Which brings us to option three, which sees Greece absconding from the euro, flanked by default and devaluation. This represents the unthinkable for most good Europeans, who worry that Greece’s departure from the euro could well mean the end of the European project. Meanwhile, across the Continent, banks and insurance companies would falter; pension funds would go belly-up, and—given a likely haircut of €0.50 per euro of Greek debt—Europe’s taxpayers would have to pump up the asset side of banks’ balance sheets. At the same time, Greece would sink ever-deeper into its hole, having to pay back euro-denominated debt with drastically shrunken drachmas.

But if the Greeks stay in the euro, they are also facing a default-cum-haircut. That, too, would wreak havoc on the balance sheets of European banks and insurers. How bad would it be? That depends on who holds how much, which creditors are otherwise in strong positions, and how many financial institutions would need (more) public funds to survive a Greek restructuring. This author does not pretend to know the answers to these questions, but Argentina offers at least one historical example suggesting that in the end, abandoning the euro and devaluing the drachma would leave Greece better off than another rescue package that would merely postpone bankruptcy.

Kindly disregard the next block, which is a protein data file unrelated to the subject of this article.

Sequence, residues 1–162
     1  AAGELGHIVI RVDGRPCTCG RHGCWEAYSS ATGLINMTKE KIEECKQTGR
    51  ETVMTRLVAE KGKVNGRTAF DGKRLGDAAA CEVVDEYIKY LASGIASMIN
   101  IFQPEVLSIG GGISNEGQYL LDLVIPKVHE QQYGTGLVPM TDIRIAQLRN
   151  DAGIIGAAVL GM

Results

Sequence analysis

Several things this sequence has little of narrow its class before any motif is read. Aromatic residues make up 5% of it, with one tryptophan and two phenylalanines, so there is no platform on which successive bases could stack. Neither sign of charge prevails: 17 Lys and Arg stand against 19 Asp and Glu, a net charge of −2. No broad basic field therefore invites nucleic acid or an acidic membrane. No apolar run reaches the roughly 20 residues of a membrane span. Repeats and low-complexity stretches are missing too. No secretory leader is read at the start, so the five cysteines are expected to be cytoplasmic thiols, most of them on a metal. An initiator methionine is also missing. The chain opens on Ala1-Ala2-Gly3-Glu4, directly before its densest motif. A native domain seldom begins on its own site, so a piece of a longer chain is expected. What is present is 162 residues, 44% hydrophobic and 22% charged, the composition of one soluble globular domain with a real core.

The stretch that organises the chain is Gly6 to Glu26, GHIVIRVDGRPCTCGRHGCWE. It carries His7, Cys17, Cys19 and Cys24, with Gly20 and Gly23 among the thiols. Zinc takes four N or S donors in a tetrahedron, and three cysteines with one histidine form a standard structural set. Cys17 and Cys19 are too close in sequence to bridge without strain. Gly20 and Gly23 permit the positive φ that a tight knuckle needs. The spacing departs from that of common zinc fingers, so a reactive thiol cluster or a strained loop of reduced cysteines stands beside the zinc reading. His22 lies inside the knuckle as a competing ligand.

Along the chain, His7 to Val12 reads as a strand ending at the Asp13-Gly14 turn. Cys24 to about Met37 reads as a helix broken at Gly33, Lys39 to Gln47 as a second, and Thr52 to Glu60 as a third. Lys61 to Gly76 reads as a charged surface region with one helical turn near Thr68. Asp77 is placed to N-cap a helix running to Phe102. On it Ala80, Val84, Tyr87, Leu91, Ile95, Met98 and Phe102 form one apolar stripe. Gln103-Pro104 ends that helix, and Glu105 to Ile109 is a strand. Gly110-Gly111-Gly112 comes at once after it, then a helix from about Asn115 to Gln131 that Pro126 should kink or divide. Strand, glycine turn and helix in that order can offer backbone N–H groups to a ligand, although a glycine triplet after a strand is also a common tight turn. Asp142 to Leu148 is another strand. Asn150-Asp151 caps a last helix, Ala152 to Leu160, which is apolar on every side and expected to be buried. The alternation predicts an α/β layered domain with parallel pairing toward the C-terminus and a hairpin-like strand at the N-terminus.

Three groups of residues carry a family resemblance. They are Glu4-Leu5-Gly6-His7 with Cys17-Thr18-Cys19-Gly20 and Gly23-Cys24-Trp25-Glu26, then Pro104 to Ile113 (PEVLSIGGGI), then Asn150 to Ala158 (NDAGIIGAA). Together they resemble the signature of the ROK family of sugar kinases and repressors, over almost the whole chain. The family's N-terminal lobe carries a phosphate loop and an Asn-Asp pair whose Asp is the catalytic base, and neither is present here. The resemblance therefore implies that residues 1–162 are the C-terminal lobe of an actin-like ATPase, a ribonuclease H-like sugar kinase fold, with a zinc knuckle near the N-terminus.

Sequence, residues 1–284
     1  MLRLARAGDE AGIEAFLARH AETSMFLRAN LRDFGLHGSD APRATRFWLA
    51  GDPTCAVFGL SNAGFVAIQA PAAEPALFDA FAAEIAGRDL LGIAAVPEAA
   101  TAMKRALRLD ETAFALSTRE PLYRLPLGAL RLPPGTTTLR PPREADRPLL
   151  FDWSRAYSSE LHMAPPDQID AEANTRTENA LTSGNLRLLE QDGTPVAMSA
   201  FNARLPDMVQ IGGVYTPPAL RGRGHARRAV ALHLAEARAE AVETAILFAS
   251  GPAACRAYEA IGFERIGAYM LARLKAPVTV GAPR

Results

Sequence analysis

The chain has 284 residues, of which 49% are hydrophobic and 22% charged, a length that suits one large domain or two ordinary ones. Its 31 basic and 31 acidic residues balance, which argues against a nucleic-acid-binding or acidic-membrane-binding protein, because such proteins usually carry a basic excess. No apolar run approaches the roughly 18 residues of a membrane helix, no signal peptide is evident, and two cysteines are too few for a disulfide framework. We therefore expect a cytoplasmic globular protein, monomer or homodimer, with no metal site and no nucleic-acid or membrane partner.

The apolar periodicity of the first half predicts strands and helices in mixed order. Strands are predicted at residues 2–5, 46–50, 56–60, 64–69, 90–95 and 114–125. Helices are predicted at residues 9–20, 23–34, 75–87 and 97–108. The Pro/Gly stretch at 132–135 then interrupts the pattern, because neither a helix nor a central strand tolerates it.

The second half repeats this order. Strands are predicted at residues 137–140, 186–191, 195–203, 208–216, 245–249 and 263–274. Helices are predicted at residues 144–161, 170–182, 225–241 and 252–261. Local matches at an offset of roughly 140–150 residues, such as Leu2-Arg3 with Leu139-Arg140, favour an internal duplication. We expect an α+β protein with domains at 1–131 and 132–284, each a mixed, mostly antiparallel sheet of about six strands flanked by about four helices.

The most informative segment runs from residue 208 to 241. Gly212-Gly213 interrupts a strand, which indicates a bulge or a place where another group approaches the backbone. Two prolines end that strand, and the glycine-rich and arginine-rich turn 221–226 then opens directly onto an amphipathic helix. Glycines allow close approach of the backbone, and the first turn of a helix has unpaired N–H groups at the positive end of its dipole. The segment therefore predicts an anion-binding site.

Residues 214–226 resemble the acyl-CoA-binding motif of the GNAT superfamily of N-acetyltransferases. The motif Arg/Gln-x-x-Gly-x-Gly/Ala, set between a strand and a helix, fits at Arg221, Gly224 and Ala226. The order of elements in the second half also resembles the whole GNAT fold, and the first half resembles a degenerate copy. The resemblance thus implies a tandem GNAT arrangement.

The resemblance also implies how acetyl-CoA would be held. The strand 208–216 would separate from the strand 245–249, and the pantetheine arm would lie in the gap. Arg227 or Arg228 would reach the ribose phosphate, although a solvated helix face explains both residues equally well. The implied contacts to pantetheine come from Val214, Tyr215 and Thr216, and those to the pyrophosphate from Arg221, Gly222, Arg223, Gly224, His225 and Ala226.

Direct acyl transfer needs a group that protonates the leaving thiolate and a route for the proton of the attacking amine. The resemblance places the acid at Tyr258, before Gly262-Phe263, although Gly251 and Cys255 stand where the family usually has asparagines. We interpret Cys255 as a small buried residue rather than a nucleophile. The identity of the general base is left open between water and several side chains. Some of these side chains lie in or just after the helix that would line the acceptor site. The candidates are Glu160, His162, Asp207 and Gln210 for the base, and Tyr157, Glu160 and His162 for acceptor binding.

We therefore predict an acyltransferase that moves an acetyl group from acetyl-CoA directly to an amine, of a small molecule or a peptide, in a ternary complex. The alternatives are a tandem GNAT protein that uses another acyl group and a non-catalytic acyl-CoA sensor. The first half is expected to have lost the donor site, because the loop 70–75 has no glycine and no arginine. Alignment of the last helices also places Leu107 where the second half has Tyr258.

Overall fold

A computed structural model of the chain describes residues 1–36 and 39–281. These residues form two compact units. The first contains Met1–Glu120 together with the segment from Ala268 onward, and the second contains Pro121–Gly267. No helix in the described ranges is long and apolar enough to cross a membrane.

At the beginning of the last decade, Argentina resembled Greece in many ways. It had entered a kind of monetary union with the U.S. by chaining its peso to the dollar one-to-one. It then used the resulting low interest rates to dramatically increase its foreign debts, and its external deficits exploded. Eventually, the International Monetary Fund arrived on scene with a series of financial rescue packages that failed to stave off disaster. Riots erupted, governments fell, cash left the country by the suitcase. In the end, Argentina’s creditors had to accept haircuts anyway, losing $0.65 cents per dollar of their loans to Argentina. Unchained from the greenback, the Argentinian peso plummeted to $0.28.

But: Devaluation worked just as the textbooks said it should. Imports fell, exports rose. For a while, nobody wanted to lend Argentina a penny. But soon investors returned, and today Argentina boasts 9% annual growth, an external trade surplus worth 3% of GDP and a public-debt ratio of only 41% of GDP.

Greece won’t have such a happy ending, complete with restored competitiveness and external balances, if it remains a member of a currency whose parity the central bank can’t affect. If it stays in the euro, Greece faces default and stagnation. If it scraps the euro, it still faces default, but also devaluation and a chance for growth. This is a horrifying predicament. But what is better—going the Argentinian way, or staying in the euro?

Mr. Joffe is editor of Die Zeit newspaper in Hamburg. He is also a senior fellow at the Freeman-Spogli Institute for International Studies and the Abramowitz Fellow at the Hoover Institution, both at Stanford University.